|European Case Law Identifier:||ECLI:EP:BA:1988:W002988.19881128|
|Date of decision:||28 November 1988|
|Case number:||W 0029/88|
|IPC class:||C08F 4/00|
|Language of proceedings:||EN|
|Download and more information:||
|Title of application:||New perfluoroalkanes obtained by photochemical fluoration and use thereof as polymerisation initiators|
|Relevant legal provisions:||
|Keywords:||Unity of invention - identity of structural scope in claims of different categories|
Summary of Facts and Submissions
I. On 8 April 1988, the Applicant filed International patent application PCT/EP.... with the European Patent Office. The EPO was the designated office within the meaning of Article 2 (xiii) PCT.
II. On 20 June 1988, the European Patent Office as competent International Searching Authority (ISA) issued, pursuant to Article 17(3)(a) PCT and Rule 40.1 PCT, an Invitation to pay two additional search fees in view of the fact that it considered that the above identified application did not comply with the requirements of unity of invention as set forth in Rule 13.1 PCT. It was stated that, according to Rule 13.2(i) PCT, the scope of the products claimed on the one hand and of the products manufactured according to the process claim(s) and/or the products used as stipulated in the use claim(s) on the other hand had to be substantially identical. This being not the case, a single general inventive concept covering the different categories of claims could not be considered to be present.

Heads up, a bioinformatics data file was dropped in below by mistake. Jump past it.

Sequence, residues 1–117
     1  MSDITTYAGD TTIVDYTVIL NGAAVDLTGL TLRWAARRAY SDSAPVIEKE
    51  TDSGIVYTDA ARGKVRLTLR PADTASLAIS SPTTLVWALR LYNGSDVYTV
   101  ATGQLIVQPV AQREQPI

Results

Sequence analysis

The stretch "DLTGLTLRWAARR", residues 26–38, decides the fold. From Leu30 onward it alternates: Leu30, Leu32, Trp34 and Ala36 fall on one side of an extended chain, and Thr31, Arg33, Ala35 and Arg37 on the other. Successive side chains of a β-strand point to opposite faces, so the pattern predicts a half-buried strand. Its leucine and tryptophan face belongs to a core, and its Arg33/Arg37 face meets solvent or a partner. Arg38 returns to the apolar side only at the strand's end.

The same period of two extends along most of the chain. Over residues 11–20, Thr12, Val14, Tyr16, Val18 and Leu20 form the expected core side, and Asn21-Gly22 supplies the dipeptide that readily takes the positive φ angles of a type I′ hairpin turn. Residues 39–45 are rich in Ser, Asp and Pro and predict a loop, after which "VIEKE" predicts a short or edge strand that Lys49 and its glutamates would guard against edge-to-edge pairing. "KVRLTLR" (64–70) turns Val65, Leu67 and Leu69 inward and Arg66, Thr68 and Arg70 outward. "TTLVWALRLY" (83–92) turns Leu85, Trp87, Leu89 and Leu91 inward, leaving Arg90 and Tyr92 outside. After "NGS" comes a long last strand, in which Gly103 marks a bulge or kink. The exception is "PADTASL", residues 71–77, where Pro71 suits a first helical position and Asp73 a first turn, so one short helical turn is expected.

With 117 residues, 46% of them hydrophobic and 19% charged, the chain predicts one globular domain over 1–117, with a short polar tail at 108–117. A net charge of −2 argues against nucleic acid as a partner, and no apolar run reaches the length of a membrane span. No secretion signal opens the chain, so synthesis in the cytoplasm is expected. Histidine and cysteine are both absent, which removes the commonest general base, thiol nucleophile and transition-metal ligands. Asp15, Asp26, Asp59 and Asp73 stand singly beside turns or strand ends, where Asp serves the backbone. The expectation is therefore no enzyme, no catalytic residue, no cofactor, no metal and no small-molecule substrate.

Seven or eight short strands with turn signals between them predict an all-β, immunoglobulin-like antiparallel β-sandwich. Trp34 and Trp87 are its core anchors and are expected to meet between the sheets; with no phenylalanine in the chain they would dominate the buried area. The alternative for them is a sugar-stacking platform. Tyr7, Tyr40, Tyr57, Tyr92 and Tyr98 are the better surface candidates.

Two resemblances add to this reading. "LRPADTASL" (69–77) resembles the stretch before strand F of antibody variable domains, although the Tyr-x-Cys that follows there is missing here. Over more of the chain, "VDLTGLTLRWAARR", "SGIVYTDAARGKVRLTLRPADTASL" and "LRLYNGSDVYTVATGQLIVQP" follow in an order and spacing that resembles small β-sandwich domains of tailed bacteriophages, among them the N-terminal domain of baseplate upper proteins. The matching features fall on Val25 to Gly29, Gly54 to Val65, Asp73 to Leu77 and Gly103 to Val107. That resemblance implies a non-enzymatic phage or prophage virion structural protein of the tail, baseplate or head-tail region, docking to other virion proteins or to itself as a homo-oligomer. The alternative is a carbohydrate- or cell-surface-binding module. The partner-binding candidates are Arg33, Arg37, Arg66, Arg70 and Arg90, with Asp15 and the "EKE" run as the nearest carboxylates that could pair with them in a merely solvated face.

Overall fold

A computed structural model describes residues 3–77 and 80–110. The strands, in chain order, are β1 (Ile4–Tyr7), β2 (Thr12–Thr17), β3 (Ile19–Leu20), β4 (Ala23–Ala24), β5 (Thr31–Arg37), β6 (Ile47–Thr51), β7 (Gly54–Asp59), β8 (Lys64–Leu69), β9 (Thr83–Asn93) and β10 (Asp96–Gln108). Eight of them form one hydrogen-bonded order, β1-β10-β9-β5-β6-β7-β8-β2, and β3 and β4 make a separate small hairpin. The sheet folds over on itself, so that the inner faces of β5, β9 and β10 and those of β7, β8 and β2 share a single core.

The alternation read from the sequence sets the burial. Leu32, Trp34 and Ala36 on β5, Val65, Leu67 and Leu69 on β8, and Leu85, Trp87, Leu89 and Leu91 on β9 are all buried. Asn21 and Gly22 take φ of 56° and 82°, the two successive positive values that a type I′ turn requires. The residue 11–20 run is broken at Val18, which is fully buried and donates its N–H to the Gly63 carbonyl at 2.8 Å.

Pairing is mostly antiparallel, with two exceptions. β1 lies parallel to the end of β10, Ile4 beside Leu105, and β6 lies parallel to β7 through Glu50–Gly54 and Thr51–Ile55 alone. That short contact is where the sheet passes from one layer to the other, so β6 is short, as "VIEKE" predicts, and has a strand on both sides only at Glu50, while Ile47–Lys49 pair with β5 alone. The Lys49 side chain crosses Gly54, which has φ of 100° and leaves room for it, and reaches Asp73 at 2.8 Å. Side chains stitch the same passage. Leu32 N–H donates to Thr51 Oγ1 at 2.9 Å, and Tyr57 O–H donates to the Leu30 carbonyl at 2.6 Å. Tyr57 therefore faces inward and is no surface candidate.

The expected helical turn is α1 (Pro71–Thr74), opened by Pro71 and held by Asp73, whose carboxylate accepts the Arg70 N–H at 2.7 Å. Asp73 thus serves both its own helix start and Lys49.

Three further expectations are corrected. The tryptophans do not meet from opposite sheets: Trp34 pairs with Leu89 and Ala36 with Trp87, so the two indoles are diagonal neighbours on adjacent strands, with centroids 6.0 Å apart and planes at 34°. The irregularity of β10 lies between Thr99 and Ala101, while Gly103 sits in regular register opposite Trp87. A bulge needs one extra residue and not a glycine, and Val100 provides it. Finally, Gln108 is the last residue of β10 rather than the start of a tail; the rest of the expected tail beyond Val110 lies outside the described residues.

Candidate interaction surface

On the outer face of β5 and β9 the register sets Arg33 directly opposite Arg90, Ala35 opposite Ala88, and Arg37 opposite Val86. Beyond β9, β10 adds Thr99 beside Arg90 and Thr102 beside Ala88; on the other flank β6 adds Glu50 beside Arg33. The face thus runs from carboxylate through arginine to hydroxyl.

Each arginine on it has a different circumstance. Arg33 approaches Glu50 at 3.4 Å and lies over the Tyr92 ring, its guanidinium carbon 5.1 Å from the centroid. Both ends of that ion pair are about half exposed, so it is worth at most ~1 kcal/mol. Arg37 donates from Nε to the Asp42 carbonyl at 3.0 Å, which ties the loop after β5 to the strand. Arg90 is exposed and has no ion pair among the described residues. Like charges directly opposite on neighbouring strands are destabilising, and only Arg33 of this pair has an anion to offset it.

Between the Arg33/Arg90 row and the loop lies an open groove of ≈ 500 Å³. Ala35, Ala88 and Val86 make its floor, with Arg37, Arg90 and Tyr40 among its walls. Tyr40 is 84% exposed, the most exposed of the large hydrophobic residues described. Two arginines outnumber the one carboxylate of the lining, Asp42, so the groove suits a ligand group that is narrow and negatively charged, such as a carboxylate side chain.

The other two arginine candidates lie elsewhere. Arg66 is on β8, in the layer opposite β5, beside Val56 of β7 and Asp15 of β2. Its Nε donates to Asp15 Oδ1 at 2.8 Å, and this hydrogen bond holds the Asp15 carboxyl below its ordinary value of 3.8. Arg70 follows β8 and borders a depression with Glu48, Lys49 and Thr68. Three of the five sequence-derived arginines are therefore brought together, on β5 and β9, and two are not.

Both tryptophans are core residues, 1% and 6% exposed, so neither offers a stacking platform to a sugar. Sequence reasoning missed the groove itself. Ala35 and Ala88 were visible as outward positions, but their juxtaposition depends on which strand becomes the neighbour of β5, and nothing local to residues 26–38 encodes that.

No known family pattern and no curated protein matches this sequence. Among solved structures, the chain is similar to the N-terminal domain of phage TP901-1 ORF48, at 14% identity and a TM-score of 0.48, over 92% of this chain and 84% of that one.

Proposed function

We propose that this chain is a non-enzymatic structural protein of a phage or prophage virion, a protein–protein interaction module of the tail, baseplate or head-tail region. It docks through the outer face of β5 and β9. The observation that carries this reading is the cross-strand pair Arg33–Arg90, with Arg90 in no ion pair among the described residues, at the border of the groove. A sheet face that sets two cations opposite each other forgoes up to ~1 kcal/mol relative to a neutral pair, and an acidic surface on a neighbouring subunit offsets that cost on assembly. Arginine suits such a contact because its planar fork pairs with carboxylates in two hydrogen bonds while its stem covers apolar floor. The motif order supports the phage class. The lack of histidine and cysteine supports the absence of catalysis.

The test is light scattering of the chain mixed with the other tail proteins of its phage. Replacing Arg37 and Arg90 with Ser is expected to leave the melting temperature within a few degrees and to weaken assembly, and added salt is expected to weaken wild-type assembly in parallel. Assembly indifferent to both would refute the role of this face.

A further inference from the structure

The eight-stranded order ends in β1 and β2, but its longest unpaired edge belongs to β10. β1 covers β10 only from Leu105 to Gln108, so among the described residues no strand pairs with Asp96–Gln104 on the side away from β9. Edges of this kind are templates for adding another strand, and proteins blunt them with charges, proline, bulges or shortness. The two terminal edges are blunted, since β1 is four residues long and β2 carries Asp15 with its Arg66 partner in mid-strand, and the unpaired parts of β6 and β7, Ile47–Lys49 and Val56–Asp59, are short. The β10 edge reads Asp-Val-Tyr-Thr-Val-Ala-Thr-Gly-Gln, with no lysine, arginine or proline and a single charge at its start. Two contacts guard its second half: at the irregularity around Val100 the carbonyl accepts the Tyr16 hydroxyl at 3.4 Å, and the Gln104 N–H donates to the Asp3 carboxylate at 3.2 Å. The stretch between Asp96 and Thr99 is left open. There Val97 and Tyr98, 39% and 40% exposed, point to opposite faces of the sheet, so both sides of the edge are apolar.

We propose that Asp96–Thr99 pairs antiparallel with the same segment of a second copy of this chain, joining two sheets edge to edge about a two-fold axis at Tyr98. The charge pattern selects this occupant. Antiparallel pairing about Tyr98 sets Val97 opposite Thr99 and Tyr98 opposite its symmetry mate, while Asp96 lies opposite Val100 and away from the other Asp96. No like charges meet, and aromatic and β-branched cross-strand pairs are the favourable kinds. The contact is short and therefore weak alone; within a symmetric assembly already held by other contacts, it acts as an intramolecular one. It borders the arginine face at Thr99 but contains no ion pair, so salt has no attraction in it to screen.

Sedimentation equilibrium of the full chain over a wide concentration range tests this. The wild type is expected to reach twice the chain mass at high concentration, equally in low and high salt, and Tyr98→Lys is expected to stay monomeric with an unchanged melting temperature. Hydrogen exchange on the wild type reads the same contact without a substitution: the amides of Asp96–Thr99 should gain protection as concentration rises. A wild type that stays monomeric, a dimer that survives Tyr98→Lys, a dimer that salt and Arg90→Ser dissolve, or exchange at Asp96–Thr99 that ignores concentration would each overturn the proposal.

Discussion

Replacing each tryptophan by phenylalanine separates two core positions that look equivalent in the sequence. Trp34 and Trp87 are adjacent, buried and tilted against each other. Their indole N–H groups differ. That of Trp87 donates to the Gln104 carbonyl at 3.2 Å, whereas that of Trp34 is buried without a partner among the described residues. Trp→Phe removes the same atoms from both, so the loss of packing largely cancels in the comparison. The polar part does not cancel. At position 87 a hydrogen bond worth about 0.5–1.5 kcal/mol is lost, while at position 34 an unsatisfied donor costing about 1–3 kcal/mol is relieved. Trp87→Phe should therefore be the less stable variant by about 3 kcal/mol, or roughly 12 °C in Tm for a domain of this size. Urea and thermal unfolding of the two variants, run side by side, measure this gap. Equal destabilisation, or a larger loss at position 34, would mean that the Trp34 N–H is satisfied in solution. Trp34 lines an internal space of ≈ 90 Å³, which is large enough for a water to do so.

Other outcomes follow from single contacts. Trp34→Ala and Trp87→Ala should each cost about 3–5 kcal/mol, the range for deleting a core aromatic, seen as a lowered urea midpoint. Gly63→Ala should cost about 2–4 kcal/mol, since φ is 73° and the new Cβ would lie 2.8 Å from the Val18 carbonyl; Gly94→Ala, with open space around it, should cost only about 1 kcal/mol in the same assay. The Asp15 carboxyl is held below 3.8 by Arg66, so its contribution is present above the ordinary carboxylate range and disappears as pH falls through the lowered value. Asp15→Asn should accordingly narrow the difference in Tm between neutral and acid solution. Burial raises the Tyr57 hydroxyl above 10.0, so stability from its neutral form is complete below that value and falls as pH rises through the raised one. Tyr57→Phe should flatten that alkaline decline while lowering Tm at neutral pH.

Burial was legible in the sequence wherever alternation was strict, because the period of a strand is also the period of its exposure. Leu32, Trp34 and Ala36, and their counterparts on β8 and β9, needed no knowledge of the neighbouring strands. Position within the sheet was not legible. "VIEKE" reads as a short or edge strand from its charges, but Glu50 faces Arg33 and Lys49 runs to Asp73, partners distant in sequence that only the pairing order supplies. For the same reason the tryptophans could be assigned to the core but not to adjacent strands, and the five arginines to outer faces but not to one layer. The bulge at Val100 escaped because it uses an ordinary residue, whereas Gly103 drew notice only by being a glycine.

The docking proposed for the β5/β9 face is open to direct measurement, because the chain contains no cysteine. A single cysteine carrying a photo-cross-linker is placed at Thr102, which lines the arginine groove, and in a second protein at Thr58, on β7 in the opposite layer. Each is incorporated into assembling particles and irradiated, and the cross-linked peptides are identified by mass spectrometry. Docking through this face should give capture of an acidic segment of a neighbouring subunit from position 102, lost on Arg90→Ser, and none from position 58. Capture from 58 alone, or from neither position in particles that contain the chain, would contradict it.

The following three subjects constituted separate inventive concepts:
1. Claims 1 (in part), 4-8 :
compounds of formulae (v) and (VI), their preparation, and their use as polymerisation initiators;
2. Claims 1 (in part), 2-3 :
use of compounds with formulae (i), (II), (III), (IV) as polymerisation "inhibitors" (sic; in fact "initiators" was meant);
3. Claim 1 (in part) :
polymerisation process in which the initiator is not covered by subjects 1 or 2.
IV. On 19 July 1988 the Applicant paid both additional search fees under protest (Rule 40.2(c) PCT) and asserted that the International application related to chemical products, a process for their preparation and their use, which according to Rule 13.2(i) PCT should meet the unity requirements of the PCT. The different scope of Claims 4 and 6 to 8 concerning novel compounds on the one hand, and Claims 1 to 3 and 5 concerning novel and old compounds on the other hand, should not violate Rule 13.2(i) PCT. As ruled in decisions of the Boards of Appeal such as T 35/87 (OJ EPO 1988, 134) and W 07/85 (OJ EPO 1988, 211), claims might have a different scope and still be uniform.
Reasons for the Decision
1. Pursuant to Article 154(3) EPC and Article 9 of the agreement between WIPO and the EPO, the Boards of Appeal of the EPO are responsible for deciding on protests made by an Applicant against an additional search fee charged by the EPO under the provisions of Article 17(3)(a) PCT (OJ EPO 1985, 320, 324).
2. The Protest, complies with Rule 40.2(c) PCT and, is therefore, admissible.
3. Claim 1 relates to a polymerisation process using, as polymerisation initiator, "a branched perfluoroalkane or a mixture of branched perfluoroalkanes having a certain structure, i.e.
(i) having adjacent two quaternary carbon atoms or a quaternary and a tertiary carbon atom and
(ii) having at least nine carbon atoms.
The ISA has not given the slightest reason why this definition of the structure of the polymerisation initiator, or why the polymerisation process characterised by its presence, should lack unity in itself, nor can the Board recognize the existence of any such reason.
4. Claims 2 and 3 relate to the process of Claim 1 in which the polymerisation initiator has one of a number of specific structures fully embraced by its definition in Claim 1. Equally there exists no reason either stated by the ISA or otherwise recognizable, why Claims 2 and 3 should not relate to the same invention as Claim 1.